By Eric Wein
Arizona Daily Wildcat
It's strange how many similiarities there are between the Taylor twins.
Then again, it's completely understandable.
The Taylors, Cary and Gary, are identical twins who made names for themselves early last season only to end up relegated to complete obscurity.
Both have earned better roster spots this season and look to make an impact Ä that is, when they recuperate. Coincidentally, each is suffering from preseason injuries, which may delay their progress.
Cary, a wide receiver and kickoff returner, took last season's opening kickoff 83 yards against UTEP. He was injured on that play and finished the season with just two touchdowns.
"I was looking forward to a big season last year but I was always fighting injuries," Cary said.
Cary is expected to see limited action tonight because of a lingering groin pull.
Gary had one big game last year, picking up a UA season-best 174 yards rushing while filling in for Ontiwaun Carter during the Pacific game. Not much else really happened to him for the rest of the year either, as he was eventually re-assigned to his third string status.
"It was kind of frustrating for me to come in and have a good game and then not any reps in the next few games," Gary said. "It was real frustrating but I started to get adjusted to it and realized I had to wait awhile because we had such a good backfield."
Gary has missed practice since spraining his shoulder at Camp Cochise and is hoping to return next week against New Mexico State.
The Taylors are both looking forward to the time when they can each establish an identity. Lately, injuries seem to be their biggest roadblock.
"I think they can both be really fine players," Arizona coach Dick Tomey said. "They just have to get completely well and get out to practice before they maximize their potential."
Growing up, the Taylors began playing a lot of sports together besides football. From track to baseball, soccer to basketball, the twins always liked to play together.
As 19-year-olds, they still enjoy being on the same field.
"It helps us both out when we play together," Cary said. "He inspires me and I inspire him. He's my worst critic and I'm his worst critic."
Hoping to establish themselves in their positions this fall, both intend to run track next spring without jeopardizing their status as spring football commences.
The brothers look so much alike that other players have given them each the nickname "Twin," which others use when they can't figure out who's who.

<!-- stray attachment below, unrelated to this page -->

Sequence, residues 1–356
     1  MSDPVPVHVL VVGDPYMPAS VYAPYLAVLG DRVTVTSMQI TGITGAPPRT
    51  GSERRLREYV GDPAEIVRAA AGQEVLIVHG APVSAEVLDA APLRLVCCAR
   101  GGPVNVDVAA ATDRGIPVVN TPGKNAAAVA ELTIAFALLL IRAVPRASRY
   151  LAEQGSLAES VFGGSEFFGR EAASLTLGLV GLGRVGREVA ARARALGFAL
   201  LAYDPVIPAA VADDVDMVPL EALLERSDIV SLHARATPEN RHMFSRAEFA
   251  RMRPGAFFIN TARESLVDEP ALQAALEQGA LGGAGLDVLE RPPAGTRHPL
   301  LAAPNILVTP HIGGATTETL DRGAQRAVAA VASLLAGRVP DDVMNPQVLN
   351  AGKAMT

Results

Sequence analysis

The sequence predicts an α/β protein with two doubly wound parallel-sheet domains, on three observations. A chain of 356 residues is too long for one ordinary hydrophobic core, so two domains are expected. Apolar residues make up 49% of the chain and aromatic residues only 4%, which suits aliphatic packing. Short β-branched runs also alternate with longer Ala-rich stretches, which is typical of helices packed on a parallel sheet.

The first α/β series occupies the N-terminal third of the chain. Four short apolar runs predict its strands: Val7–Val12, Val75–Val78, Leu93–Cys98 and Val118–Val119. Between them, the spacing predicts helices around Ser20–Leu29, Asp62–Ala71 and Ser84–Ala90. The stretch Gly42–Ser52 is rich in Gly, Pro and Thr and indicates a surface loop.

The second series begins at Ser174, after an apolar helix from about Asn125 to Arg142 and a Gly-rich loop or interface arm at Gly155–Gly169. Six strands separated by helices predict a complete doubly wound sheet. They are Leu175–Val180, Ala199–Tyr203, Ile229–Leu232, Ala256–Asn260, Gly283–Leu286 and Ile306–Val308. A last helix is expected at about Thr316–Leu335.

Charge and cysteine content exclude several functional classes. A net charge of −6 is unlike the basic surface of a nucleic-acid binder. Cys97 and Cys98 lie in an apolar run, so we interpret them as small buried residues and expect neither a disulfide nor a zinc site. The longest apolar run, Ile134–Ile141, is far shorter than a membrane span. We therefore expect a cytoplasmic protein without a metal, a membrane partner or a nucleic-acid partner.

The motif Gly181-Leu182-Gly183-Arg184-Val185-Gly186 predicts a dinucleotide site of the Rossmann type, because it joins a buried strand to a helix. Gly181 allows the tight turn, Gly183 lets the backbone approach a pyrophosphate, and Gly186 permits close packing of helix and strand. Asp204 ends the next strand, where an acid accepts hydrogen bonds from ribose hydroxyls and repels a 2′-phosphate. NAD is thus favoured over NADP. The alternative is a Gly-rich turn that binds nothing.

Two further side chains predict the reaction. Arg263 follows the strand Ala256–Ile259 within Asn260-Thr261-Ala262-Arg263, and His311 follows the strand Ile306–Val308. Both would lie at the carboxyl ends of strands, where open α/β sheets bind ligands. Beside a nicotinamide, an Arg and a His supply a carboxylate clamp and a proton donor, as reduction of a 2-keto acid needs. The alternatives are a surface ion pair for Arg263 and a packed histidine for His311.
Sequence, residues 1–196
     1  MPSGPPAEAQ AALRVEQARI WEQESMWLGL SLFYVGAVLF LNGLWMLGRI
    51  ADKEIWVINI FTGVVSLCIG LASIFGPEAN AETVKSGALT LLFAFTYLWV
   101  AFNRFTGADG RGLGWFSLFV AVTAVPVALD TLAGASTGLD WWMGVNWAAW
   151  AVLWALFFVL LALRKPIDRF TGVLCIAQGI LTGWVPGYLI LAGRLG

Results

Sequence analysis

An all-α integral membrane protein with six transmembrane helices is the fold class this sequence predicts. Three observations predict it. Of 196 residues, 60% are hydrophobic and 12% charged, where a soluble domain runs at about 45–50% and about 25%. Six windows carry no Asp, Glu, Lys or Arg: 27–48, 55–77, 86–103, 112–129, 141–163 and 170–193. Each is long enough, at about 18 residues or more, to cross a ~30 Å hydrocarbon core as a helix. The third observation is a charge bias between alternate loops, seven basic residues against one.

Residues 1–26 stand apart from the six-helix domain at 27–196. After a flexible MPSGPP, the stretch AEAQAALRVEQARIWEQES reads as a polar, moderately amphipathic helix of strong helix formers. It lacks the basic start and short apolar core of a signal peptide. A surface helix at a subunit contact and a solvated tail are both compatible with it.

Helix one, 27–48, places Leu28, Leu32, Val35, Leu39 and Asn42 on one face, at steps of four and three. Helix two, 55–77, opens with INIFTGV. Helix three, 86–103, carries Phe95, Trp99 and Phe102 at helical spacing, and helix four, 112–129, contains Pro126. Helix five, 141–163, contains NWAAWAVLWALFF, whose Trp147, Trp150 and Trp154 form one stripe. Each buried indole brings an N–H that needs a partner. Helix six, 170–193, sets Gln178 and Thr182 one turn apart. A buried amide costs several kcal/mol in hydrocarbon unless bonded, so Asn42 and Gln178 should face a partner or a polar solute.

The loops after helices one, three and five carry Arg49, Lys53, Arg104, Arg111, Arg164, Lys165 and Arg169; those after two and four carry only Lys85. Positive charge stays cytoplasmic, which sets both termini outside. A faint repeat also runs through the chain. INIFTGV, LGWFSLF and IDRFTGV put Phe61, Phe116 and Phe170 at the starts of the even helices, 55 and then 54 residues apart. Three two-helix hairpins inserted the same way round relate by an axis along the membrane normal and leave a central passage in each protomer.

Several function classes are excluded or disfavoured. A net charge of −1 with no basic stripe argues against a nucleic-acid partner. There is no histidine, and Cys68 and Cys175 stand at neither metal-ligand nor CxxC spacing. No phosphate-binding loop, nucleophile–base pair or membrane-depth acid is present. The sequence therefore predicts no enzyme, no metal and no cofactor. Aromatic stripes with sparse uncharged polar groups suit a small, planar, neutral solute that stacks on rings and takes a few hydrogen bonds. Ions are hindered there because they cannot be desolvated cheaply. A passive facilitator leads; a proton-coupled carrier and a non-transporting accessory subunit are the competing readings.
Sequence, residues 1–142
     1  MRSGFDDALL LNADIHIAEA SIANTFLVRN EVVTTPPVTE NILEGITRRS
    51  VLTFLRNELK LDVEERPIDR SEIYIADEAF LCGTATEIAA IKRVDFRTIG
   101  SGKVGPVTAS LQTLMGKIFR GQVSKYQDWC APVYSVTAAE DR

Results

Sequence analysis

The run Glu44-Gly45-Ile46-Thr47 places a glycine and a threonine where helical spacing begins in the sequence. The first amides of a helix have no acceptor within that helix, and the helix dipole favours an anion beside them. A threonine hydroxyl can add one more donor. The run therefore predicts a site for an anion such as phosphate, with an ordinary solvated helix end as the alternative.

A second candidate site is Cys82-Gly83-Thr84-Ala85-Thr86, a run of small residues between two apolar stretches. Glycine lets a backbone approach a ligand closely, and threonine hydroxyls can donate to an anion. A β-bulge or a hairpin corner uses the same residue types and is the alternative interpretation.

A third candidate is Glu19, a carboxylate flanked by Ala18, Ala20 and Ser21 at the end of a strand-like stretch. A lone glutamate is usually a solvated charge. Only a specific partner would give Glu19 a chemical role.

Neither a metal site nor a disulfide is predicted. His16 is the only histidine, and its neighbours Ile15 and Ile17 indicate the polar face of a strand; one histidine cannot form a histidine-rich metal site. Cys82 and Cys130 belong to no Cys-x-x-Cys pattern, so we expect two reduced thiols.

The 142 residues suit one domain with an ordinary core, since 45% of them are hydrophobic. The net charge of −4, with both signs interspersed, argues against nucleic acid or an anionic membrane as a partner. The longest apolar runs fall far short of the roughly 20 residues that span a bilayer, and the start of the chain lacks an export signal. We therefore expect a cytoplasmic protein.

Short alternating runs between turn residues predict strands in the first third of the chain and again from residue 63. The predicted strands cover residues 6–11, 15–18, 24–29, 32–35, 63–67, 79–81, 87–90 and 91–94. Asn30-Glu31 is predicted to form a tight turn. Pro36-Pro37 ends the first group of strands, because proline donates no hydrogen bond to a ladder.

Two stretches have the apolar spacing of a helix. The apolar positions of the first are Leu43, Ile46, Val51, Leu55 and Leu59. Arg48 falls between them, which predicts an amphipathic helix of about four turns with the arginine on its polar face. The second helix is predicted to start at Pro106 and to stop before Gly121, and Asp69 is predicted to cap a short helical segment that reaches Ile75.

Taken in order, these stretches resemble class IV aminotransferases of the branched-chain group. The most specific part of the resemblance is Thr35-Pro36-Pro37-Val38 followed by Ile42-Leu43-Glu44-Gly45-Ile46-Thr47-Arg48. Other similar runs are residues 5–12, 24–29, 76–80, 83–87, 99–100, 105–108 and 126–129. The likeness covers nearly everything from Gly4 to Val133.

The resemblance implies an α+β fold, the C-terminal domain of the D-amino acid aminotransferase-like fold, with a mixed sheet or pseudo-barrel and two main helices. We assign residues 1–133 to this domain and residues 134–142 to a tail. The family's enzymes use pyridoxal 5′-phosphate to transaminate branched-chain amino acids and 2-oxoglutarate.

"We focus a lot on confusing people," Gary said. "We try to do it sometimes and have a little fun. It works most of the time. The only time a person could tell us apart is if they've been around us for a long time. That's when they start noticing things because our personalities are a little different. If they haven't been around us, we can do it."
Once when they were in high school, the two switched jerseys. Gary played his brother's quarterback position and Cary moved to running back.
"The only way they'd know is if we were running a pass play. I wouldn't know the correct form to throw the ball," Gary said. "I could throw just as far but my coach could identify if I was throwing the wrong way."
Said Cary: "We haven't tried that here. Maybe one day we might try it."
It would probably work.
"They would confuse me," Tomey said. "I can't tell them apart."
Off the field, the two are the best of friends. Usually, wherever one is, the other is nearby.
They are so alike that they share nearly all the same preferences in clothes, hobbies and food.
"Sometimes I could just take the words out of his mouth before he says anything," Cary said. "It's strange, he does the same to me."
Like most siblings, however, they've had their differences.
When the two were in junior high, they got into fights all the time. There were also a few conflicts because they had to share the same room until they finished high school. Now, they live peacefully in separate rooms.
One particular incident united the pair while nearly ending not just their football careers, but their lives.
The brothers were in the back seat of a car which was leaving the parking lot of the Green Dolphin, a since-closed college bar on Park Avenue. Suddenly, they heard the clatter of gunfire.
Both reacted by ducking down and Cary instinctively reached over to make sure his brother's head was down. While reaching over, a bullet pierced through Cary's skin at his elbow and came out the other side.
"It was like a reflex to him," Gary said of his brother forcing him down. "If he wasn't already down, I would have been trying to push his head down. He'll put himself before me and I'll do the same for him."
The brothers grew up in a part of San Diego where gunfire wasn't an uncommon sound, but they never thought it would happen to them in Tucson.
For now, the Taylors hope to put that nightmare behind them and turn their focus toward Arizona's football season. They also hope they will continue to keep others guessing as to which is Gary and which is Cary, something that, of course, is easy to do.
"It scares me sometimes because we are like the identical person," Gary said. "It's almost like looking in a mirror."
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